I've always thought a lot about food and what it means... how it carries messages between cultures and between people. Is there magic in food? How does it affect us so intimately? What do molecules and chemical reactions have to do with things and why does mom's food make you feel better than anything else? Why did people like my soup at first, when I really didn't know what I was doing? Did I imbue it with love? Is love transferable through matter, or is matter simply a placeholder and carrier of intentions? Are there love quarks that spin just so? Can you put them into food and have them received by the eater? Even further down that line of inquiry, perhaps a bit racier... are some foods aphrodisiac, or does the setting, the intention, the care, and the presentation make them so? And is it vital to cook with love? Why do we cook with love? I recently came across this passage from the highly recommended book Heat: "I suspect that cooking with love is an inversion of a different principle: cooking to be loved." Most of us don't really get the chance to witness and know chefs... just like any profession, there are varying motivations... I think of policemen as either pure public servants or those kids in high school who used to hang around wearing their varsity jackets too long after they graduated and finally decided to get a job where they could drive fast. With chefs, there are different types... the kind we have here at least are the kind that are driven by this desire to give and receive love, whether they'd admit it or not. We're generally isolated from chefs... most restaurants you never see them unless you happen to be wandering down the alley out back, hopping across the drainage oozing from the dumpsters. Thus the mystique, thus the Top Chef type shows on TV. There are plenty of livings to be made... being a chef is one of the toughest, so it's interesting to ponder what drives someone in that direction. I wrote two weeks ago about the uneasy mix of artisanship and management that so many restaurants have to balance, and there's a linguistic clue there, I think. Art has been defined by Random House as "the quality, production, expression, or realm, according to aesthetic principles, of what is beautiful, appealing, or of more than ordinary significance". This extraordinary significance is the difference... it's the icing on the cake of our existence. Cooking is a shared perceptual experience for both the cook and the eater. When you cook for your loved one, you are cooking for them, trying to please them, trying to make them love you, then sharing the same joy. For a chef, it's a little more abstract... it's the public, there's commerce involved... it's love for pay, a twist on an older profession. The thing is, they never get to see you eat and enjoy, they're just painting their love all over the world, and it makes them a bit of the altruist. The school teacher never sees the ultimate manifestation of his work, the painter is separated from his works, etc.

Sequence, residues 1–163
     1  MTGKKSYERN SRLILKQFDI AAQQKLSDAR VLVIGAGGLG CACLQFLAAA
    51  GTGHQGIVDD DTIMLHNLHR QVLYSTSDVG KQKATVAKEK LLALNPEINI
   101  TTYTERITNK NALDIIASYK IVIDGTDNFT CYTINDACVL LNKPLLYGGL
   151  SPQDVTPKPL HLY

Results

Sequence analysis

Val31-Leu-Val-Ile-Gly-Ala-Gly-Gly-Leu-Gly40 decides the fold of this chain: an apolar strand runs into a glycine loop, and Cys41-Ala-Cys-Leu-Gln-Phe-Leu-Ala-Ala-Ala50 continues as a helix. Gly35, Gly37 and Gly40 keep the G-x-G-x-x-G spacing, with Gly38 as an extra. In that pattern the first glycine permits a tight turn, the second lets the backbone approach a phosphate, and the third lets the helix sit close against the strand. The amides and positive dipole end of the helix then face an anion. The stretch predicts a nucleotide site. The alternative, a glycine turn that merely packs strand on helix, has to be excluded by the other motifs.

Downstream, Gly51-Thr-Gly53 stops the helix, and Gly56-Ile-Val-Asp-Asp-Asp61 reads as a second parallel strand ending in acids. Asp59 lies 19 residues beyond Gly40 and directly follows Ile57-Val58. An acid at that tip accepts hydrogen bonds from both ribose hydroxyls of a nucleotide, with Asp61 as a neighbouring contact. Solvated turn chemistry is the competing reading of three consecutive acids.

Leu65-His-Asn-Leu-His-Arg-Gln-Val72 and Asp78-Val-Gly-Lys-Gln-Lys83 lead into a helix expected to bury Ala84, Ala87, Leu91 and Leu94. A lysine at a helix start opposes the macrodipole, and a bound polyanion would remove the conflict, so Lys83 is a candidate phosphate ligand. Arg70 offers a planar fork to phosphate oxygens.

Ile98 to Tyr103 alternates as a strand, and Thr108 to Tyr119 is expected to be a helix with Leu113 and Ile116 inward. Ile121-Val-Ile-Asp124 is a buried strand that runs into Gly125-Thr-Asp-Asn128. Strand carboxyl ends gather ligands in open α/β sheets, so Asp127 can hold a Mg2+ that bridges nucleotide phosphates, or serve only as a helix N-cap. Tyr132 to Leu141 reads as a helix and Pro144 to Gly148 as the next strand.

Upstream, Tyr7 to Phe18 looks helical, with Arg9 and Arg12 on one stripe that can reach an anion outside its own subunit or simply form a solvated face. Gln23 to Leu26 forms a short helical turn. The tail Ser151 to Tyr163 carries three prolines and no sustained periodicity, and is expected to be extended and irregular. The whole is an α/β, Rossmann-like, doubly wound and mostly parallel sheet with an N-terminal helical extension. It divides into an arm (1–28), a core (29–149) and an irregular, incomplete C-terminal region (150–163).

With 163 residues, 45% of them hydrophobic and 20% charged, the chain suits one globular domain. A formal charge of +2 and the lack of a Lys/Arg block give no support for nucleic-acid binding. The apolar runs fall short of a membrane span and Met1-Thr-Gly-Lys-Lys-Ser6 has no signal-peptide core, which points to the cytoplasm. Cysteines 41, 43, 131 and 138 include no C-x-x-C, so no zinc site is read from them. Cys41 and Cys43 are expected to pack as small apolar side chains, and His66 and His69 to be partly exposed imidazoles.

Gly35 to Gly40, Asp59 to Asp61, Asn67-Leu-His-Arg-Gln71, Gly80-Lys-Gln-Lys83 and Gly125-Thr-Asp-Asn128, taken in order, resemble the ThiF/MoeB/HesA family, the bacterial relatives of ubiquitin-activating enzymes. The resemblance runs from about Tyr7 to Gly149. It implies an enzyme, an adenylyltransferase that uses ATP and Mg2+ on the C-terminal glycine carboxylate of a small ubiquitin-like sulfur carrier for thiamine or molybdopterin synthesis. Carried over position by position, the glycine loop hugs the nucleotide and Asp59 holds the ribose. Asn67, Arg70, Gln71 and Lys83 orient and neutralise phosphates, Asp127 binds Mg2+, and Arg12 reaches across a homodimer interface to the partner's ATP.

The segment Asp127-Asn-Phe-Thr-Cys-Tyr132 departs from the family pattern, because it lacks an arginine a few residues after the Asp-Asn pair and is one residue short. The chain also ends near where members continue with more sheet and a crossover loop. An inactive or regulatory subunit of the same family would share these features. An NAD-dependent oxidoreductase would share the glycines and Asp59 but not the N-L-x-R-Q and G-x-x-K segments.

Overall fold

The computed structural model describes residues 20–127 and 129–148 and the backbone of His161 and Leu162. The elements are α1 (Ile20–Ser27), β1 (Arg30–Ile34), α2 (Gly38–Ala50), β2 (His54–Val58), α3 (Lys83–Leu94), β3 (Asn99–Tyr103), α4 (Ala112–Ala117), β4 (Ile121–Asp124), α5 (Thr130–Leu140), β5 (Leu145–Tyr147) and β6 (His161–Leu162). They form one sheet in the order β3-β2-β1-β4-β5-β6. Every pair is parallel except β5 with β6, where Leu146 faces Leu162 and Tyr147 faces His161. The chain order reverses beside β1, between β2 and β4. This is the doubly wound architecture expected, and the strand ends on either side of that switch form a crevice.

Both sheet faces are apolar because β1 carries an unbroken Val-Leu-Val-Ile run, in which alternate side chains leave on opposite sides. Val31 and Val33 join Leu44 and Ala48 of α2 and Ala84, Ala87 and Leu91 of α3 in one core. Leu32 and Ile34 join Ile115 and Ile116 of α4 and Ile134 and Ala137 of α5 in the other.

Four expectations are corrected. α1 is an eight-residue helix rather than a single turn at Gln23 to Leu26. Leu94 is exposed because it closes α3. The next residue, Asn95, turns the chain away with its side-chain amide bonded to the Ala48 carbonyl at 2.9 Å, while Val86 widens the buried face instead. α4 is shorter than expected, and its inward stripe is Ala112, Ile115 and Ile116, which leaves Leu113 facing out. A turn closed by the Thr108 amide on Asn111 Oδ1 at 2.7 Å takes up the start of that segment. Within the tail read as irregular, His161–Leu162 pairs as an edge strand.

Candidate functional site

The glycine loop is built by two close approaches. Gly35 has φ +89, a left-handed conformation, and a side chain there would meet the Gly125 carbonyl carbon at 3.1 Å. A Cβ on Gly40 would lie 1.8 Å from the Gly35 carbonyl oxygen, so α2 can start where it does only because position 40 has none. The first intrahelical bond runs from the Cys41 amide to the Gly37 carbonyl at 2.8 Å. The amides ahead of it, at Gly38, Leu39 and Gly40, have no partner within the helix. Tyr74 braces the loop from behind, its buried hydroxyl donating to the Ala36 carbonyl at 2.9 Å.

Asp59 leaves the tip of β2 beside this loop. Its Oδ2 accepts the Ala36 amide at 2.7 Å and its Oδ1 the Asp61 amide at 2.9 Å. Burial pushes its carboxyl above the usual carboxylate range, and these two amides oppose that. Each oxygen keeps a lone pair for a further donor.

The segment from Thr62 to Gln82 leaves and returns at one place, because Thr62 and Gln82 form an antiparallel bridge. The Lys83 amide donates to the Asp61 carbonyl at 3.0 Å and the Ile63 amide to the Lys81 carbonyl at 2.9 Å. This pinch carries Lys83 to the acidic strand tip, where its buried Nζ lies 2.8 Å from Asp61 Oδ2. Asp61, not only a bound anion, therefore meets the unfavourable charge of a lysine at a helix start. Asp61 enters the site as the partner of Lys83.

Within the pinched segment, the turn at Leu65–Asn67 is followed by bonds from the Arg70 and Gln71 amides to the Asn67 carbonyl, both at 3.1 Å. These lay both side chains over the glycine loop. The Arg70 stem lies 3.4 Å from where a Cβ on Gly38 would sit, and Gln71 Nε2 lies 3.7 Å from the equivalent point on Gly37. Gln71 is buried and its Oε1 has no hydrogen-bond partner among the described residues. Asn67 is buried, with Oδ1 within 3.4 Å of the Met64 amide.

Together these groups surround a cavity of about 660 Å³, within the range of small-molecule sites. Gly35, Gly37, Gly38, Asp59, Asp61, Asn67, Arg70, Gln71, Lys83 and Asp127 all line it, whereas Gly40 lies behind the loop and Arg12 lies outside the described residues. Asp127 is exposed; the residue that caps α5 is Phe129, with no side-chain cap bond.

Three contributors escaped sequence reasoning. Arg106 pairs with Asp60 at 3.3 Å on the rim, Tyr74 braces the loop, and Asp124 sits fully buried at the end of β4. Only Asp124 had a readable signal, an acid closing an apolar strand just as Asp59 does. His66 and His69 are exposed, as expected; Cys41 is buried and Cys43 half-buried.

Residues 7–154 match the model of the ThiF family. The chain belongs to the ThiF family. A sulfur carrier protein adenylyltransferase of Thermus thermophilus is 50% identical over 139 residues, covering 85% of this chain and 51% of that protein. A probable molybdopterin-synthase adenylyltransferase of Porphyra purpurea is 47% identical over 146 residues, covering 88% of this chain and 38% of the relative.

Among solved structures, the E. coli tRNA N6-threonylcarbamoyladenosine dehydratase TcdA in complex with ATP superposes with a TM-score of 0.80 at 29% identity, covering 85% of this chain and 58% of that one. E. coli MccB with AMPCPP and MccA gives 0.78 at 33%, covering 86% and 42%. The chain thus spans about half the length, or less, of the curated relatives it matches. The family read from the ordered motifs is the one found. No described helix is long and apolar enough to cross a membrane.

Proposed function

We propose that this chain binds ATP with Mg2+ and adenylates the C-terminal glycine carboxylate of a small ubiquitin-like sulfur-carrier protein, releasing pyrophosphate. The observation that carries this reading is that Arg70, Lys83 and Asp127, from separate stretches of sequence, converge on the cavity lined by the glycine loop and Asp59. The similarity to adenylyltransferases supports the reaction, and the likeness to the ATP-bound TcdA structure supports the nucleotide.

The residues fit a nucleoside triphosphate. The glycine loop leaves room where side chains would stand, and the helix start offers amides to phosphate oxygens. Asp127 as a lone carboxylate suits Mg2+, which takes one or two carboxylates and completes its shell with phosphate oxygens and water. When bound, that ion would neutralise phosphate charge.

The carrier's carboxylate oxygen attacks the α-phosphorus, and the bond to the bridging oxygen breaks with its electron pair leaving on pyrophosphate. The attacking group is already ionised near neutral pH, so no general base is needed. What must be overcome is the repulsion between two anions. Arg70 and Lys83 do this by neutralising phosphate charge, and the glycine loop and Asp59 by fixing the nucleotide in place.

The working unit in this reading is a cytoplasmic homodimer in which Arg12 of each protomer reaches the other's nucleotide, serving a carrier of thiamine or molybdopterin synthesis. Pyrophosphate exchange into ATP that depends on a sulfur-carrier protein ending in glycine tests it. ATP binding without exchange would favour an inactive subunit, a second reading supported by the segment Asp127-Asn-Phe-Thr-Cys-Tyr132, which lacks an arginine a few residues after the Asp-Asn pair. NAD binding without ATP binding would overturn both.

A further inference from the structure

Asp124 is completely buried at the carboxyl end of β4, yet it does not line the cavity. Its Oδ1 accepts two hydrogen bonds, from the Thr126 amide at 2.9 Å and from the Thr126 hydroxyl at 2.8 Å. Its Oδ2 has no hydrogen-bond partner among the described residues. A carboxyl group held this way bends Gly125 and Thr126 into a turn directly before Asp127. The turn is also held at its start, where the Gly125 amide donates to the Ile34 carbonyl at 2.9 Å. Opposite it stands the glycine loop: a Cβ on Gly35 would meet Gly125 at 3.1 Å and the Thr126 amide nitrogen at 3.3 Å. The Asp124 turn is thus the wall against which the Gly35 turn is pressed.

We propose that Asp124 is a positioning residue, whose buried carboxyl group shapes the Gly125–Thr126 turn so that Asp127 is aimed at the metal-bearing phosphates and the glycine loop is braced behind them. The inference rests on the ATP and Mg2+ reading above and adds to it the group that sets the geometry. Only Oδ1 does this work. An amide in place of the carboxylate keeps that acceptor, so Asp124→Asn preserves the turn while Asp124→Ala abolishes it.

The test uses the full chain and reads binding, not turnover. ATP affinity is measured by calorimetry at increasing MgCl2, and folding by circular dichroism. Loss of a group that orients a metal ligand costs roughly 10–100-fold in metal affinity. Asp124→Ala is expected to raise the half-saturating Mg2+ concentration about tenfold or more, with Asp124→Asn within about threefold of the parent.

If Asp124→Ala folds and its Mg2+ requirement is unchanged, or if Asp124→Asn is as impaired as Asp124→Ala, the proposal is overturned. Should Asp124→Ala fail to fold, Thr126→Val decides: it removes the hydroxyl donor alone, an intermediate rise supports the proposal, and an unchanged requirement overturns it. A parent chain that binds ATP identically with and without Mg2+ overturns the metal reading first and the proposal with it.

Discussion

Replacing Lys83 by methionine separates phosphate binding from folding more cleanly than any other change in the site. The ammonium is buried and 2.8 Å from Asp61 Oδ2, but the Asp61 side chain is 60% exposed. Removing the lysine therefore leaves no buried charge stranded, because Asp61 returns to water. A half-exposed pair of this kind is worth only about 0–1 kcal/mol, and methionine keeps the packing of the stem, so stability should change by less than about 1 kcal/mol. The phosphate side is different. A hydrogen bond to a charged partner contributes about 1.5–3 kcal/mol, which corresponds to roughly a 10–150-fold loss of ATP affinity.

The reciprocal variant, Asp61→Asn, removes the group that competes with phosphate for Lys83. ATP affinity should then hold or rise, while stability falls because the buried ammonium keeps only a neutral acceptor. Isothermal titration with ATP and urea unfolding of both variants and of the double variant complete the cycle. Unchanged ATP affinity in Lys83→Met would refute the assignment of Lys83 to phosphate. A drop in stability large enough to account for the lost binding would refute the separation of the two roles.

I was discussing such matters with Pat Brown here at the shop on the heels of our conversation about this fellow he once met. This guy was a retired doctor who decided to make it his mission to airdrop breadmaking kits across the world to reproduce Essene bread, which is the biblical recipe for the original staff of life. He was looking for a hand-cranked grain mill which could conduct the user's kinetic life force into the grain, a specially- shaped flagon for water which would align its properties just so. The powers of thought and love that went into the making of the bread would be conveyed and healing powers would be harvested by the recipient. The world would be a better place.
I don't really know about all that. It has a beauty to it, the kind of utopic thought that I take pleasure in imagining but ultimately can't wrap my mind around. Another memory popped forward... I used to rent the kitchen to a couple of guys with pure intentions who made energy bars. They wrapped each one in a corn husk and said a prayer over each one. They organized the room's energy with a large resonating bowl. But lately I'm more the pragmatist. I believe the greatest benefit from our food, the greatest flavor enhancer (besides salt) comes from the sense of caring and security that the gesture of loving cooking and sharing brings. I don't think anyone who didn't know of their prayers and their care could really gain from it. And I don't know that the molecules have so much to do with it either. Of course, no amount of love in the world can overcome the battered molecular structure of a burnt roux for example, but you get the picture. You still have to be a decent cook.